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Trig Identies

  1. Nov 13, 2009 #1
    1. The problem statement, all variables and given/known data
    Use properties of the trigonometric functions to find the exact value of each expression. Do not use a calculator

    sin (-pi/12) csc (25 pi)/12


    2. Relevant equations
    sin (negative angle) = - sin (angle)
    csc theta = (sin theta)^-1 = 1/(sin theta)


    3. The attempt at a solution
    Ok there is obviously some sort of property of trig identies I do not know so I'm struggling here...

    sin(-pi/12) csc( (25 pi)/12 ) = (- sin(pi/12) )/(sin( (25 pi)/12))
    know if I'm correct I just treat them as exponents correct? so I subtract them

    - sin( (pi/12) - ( (25 pi)/12 )
    - sin( (-24 pi)/12 )
    + sin( (24 pi)/12
    sin 2 pi = 0

    OK THIS IS WRONG I put this into my calculator and i get negative one. I postulated for like two hours on how to do this. I think I figuered it out but am not sure why it works can someone please explain it to me...

    ok I start out here
    sin(-pi/12) csc( (25 pi)/12 ) = (- sin(pi/12) )/(sin( (25 pi)/12))


    then
    - sin( (pi/12) - ( (25 pi)/12 )

    - sin( (24 pi)/12 )

    if i just ignore the negative sign next to the 24... something here is wrong with what I'm doing HELP

    - sin( (24 pi)/12 )

    now I take the recipical but leave the pi on top of the angle not sure why or why i leave pi on top

    - sin( (12 pi)/24

    simplify

    - sin( pi/2

    pi/2 is ninety degrees which has the coordinates (0,1) and sense sine is equal to the y cordinate I get one but sense it's the opposite i get negative 1 as my answer which is correct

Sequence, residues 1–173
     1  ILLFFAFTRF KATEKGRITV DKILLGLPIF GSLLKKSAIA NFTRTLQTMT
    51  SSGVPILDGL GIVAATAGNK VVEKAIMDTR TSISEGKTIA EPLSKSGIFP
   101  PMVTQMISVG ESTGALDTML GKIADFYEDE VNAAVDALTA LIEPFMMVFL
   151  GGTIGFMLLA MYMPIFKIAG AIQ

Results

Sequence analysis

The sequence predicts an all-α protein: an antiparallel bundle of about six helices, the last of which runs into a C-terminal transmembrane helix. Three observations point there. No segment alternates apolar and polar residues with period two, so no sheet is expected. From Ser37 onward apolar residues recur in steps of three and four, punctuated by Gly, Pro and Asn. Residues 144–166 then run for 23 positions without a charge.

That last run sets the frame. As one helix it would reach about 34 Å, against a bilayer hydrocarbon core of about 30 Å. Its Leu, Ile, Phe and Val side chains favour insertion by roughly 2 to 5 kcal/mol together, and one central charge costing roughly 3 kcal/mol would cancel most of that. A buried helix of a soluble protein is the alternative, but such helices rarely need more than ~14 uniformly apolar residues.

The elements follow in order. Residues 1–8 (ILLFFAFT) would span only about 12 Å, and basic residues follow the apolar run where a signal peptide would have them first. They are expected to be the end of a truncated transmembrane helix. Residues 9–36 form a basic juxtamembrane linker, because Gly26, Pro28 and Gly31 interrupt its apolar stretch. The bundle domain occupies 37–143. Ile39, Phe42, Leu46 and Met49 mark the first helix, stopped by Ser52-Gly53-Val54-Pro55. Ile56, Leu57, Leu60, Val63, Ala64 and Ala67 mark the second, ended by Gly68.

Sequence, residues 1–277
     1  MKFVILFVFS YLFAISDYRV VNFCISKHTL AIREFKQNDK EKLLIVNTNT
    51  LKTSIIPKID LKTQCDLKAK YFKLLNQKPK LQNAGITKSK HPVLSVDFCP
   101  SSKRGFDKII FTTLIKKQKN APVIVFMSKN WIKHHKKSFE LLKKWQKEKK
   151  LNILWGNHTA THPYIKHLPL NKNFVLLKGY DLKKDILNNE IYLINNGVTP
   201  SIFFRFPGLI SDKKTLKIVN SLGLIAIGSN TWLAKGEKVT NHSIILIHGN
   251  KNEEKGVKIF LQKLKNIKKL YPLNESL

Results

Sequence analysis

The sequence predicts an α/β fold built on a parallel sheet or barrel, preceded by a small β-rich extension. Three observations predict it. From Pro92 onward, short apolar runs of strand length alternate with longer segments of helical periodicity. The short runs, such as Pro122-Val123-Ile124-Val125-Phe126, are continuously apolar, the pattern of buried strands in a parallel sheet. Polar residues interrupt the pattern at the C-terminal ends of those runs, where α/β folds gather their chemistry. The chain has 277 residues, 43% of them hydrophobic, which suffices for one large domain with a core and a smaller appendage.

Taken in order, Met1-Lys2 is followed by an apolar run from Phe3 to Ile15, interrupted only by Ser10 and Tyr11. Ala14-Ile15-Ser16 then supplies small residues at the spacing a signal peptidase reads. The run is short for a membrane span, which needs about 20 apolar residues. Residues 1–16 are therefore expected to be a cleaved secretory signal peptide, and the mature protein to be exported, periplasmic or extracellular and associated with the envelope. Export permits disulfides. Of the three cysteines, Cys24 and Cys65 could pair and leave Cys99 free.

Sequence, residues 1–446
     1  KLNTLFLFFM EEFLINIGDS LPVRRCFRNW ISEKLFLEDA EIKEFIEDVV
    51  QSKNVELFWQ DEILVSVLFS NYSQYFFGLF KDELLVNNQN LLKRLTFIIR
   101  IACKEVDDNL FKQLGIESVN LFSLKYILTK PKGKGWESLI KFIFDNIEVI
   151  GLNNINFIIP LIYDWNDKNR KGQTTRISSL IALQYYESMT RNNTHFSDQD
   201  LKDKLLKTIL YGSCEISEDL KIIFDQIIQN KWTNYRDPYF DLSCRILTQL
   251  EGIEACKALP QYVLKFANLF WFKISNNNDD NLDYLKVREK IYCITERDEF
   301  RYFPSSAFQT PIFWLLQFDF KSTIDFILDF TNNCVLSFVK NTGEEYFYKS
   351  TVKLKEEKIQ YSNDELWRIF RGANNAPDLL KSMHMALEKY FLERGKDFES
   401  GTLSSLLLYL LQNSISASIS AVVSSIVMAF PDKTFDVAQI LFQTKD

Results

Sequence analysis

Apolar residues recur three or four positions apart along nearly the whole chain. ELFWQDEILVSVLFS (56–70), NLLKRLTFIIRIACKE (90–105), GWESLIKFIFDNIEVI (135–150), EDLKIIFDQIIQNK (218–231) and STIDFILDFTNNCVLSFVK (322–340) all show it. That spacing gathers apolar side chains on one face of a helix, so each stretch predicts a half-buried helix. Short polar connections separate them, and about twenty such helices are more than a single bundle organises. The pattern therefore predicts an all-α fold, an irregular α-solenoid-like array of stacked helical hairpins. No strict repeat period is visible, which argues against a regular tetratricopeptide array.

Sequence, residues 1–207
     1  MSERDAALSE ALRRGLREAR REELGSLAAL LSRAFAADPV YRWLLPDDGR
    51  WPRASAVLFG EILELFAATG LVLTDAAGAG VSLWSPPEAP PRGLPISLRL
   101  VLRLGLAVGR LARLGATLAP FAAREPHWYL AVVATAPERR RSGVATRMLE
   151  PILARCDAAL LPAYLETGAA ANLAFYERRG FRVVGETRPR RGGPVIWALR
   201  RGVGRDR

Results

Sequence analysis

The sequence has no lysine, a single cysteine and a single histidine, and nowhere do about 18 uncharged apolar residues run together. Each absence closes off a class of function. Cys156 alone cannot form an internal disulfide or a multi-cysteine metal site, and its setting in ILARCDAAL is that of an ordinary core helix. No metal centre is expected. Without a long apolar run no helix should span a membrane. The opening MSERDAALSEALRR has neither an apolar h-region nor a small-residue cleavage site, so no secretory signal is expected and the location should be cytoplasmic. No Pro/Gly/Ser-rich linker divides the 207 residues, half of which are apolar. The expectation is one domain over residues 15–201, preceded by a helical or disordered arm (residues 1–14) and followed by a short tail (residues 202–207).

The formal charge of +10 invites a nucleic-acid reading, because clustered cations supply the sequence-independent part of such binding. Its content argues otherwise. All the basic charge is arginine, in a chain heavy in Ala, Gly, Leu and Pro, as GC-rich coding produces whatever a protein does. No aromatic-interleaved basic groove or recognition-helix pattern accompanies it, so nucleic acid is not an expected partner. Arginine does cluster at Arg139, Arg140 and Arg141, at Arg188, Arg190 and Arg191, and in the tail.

So I obviously have no idea how to really do this problem if someone could tell me how to do this that would be great. There isn't really much I can do because I'm obviously don't know some property or something here.

    Thanks
     
  2. jcsd
  3. Nov 13, 2009 #2

    LCKurtz

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    Science Advisor
    Homework Helper
    Gold Member

    None of your algebraic manipulations make any sense. You are just making up operations that don't exist.

    Notice that Pi/12 is half of pi/6 and you know the functions for multiples of pi/6. Look at the half angle formulas instead of trying to make up your own.
     
  4. Nov 13, 2009 #3
    I have yet to have been taught these formulas yet so there must be some other way to do it
     
  5. Nov 14, 2009 #4
    Here are the two special triangles I've used in the past: http://fouss.pbworks.com/f/special triangle 3.JPG and http://fouss.pbworks.com/f/special triangle 2.JPG and recall that sin (a-b)=(sin a)(cos b)-(sin b)(cos a)

    Now sin [tex]\frac{-pi}{12}[/tex] = sin ([tex]\frac{pi}{6}[/tex] - [tex]\frac{pi}{4}[/tex]) = sin [tex]\frac{pi}{6}[/tex] * cos [tex]\frac{pi}{4}[/tex] - sin [tex]\frac{pi}{4}[/tex] * cos [tex]\frac{pi}{6}[/tex]

    Use the special triangles (unless you have them memorized, which you should have) and solve.

    Edit: Sorry I thought you were doing two different equations. I now see that sin (-pi/12) * csc (25 pi)/12 is what you want. I guess you can do the second one and after solving it, multiple both answers.
     
    Last edited by a moderator: Apr 24, 2017
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